In all my years of mentoring student teachers, there have been two things I have always addressed first: getting control of the classroom and establishing routines. I never received direct instruction on these two things during my own student teaching, and it started me off at a great disadvantage.
Most good teachers I had observed were able to get order quickly and follow through with a lesson seamlessly. Nevertheless, it did not work that way for me! I was very ill-prepared to control a classroom of sixth graders, and it ruined my first year.
In this post I will tell you exactly how I demonstrate for my student teachers how to get control of the classroom. In the next post, I will explain how to establish good classroom routines which will set the tone for the entire year.
One of my most difficult tasks as a new teacher was getting attention and MAINTAINING it. I can tell you from the school of hard knocks that these things will not work:
- Yelling (It stopped students for a moment, then they went right back to talking.)
- Flashing the classroom lights (It only worked for about a week.)
- Begging for cooperation (It merely confirmed that I had no control.)
- Threatening punishment for non-compliance (I had nearly every student in the room on my detention list.)
- Standing there smiling (They ignored me.)
- Pretending like you have attention and going on with the lesson (They were not the least bothered by this. They had their own plans!)
We’ve all been students, and we’ve all seen these tactics fail. It took me awhile to put my finger on what was actually going wrong. Luckily, I attended a teachers’ conference that first year, and a kindly gentleman modeled the correct strategy for getting the students’ attention for all of us newbies. Here’s what he demonstrated and what I have found to work well:
- Move to the front center of the room. Do not stand behind a teacher’s desk or podium.
- Get the class’s attention by using these words: “I want ___________________.” Fill in the blank with what you want to happen (depending on your grade level). You might say, “I want everyone’s attention, or I want all eyes to the front.” Use a firm voice, but no shouting. If all students are buzzing and talking, stand and wait. Do not yell or try to startle the students. Standing there waiting will usually get someone’s attention and the ripple effect will happen. The students will quiet down. Nevertheless, you cannot wait forever. Step #3…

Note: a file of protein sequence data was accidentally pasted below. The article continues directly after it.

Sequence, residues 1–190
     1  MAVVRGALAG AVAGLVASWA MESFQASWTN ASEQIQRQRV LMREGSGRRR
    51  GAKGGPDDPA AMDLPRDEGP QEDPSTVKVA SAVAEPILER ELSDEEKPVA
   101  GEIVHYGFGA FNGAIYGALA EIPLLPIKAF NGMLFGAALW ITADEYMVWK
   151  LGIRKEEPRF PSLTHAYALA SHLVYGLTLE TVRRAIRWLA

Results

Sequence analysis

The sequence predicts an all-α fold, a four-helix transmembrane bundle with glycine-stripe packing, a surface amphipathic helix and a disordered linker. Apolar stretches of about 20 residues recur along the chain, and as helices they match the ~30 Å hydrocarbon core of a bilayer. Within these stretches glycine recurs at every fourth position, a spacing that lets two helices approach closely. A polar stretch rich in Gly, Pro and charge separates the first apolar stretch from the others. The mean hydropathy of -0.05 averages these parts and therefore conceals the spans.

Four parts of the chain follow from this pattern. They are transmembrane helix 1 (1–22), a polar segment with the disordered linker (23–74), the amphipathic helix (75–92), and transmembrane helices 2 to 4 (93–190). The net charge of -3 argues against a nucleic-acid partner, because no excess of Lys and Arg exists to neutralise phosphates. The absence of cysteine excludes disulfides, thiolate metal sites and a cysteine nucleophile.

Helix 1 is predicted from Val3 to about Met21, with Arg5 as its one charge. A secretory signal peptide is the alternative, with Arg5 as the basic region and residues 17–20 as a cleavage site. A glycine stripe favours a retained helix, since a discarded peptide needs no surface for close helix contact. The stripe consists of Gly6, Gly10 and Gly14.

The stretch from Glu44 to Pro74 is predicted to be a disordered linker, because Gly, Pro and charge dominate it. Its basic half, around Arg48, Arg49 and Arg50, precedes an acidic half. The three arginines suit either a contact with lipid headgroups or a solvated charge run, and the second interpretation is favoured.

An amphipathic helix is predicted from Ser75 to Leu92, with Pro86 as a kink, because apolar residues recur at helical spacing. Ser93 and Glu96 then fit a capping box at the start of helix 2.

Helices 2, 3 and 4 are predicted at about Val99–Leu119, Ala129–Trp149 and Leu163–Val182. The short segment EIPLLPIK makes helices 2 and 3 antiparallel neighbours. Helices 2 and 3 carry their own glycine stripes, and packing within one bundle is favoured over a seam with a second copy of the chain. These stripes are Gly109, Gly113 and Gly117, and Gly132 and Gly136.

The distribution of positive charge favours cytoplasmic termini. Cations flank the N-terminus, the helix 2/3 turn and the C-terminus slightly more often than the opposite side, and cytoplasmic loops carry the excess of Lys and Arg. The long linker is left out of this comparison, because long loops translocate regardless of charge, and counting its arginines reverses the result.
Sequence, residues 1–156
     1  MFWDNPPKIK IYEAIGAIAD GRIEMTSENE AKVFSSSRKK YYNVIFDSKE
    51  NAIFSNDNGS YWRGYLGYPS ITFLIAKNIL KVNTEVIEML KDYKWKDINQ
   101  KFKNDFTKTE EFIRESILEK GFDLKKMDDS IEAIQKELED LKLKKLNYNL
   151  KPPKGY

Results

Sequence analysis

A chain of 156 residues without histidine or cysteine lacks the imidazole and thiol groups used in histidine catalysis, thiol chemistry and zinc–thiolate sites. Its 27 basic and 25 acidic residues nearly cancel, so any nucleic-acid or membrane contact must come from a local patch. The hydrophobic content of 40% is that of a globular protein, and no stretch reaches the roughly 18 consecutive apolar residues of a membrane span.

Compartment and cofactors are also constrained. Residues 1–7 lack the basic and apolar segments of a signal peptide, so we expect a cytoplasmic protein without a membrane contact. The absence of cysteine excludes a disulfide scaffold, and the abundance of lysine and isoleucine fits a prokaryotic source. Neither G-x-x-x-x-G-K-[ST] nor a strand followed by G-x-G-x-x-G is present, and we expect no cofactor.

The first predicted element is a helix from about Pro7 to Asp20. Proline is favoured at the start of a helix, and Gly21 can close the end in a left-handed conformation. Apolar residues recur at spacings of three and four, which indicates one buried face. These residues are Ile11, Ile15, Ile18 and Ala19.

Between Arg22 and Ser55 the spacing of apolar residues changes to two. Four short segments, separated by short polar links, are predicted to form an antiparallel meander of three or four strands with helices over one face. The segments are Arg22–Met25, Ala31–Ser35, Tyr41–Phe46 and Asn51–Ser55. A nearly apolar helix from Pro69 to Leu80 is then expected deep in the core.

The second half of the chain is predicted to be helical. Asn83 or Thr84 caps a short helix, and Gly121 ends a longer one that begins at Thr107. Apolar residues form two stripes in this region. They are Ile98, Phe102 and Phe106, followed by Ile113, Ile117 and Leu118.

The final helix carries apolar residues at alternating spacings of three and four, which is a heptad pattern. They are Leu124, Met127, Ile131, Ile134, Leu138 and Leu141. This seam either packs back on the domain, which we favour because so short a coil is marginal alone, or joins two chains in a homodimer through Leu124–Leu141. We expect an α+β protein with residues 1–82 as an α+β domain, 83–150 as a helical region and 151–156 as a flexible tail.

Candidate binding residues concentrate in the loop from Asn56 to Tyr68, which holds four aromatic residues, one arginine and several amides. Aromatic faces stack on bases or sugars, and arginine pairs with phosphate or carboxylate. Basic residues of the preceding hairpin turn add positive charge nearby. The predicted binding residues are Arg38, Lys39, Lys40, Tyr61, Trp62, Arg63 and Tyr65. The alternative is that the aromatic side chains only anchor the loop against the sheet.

- Perchance no one even notices that you are standing there, you can start by saying, “It is now time to start class. I WANT everyone to ____________________.” The secret to this process is twofold: a) speaking with authority in your voice and b) proximity to the students. Assume that they will do exactly what you say and if necessary, pretend that you fully expect them to comply. There is something about projecting confidence in yourself that causes students to sit up and take notice. (BUT DO NOT PRETEND TO THE POINT YOU ARE WILLING TO PROCEED WITH THE LESSON IF THEY DO NOT STOP TALKING.)
- Wait for 100% compliance. If you notice Susie, shuffling around with her belongings, use her name in your next sentence. Do not scold her (yet). Simply say something such as, “Susie, we are going to collect picture money first thing. Did you remember your picture money?” Or, “Today we are going to be looking at amoebas under the microscope. Susie, have you ever seen an amoeba?” If talking begins in another area, look straight at the offender(s) and pause with the expectation that you know the person(s) will stop talking. Do not act annoyed, upset, or frustrated. Repeat your request with a firm tone. If the offender does not quit talking, continue your directions while walking over and standing by the disruptive student–again, using his/her name in your introduction to the day’s activity.
- At this point, most students will be listening. Continue to walk around while giving directions (if possible). It also helps to have something VERY interesting on tap! Give them a reason that they want to be quiet and listen.
- Most importantly, DO NOT RESPOND TO STUDENTS WHO BLURT OUT QUESTIONS OR COMMENTS. Extinguish this behavior by totally turning to a compliant student who has their hand raised and say, “Thank you, Owen, for raising your hand. Do you have a question?” The talker will be indignant that you ignored him/her, but watch–you will find that they will raise their hand, too. Be sure to call on that student ASAP. That reinforces good behavior and reassures them that they will be heard.
Practice, practice, practice. Waiting can seem eternal sometimes, but establishing order early on is completely worth it!
These ideas will work if you have also been careful to establish a relationship with your students. DO NOT UNDERESTIMATE THE POWER OF THE STUDENT-TEACHER RELATIONSHIP. Students will obey you when a relationship is established. Think about it. Would you likely pick up a pencil on the command of a stranger in a department store, or on the request of your favorite waitress at a local restaurant? It’s all about relationships. For more information, see this post: The Importance of Building Relationships
If you find that these strategies are still not working for you, contact me and I can work with you on how to improve your classroom control!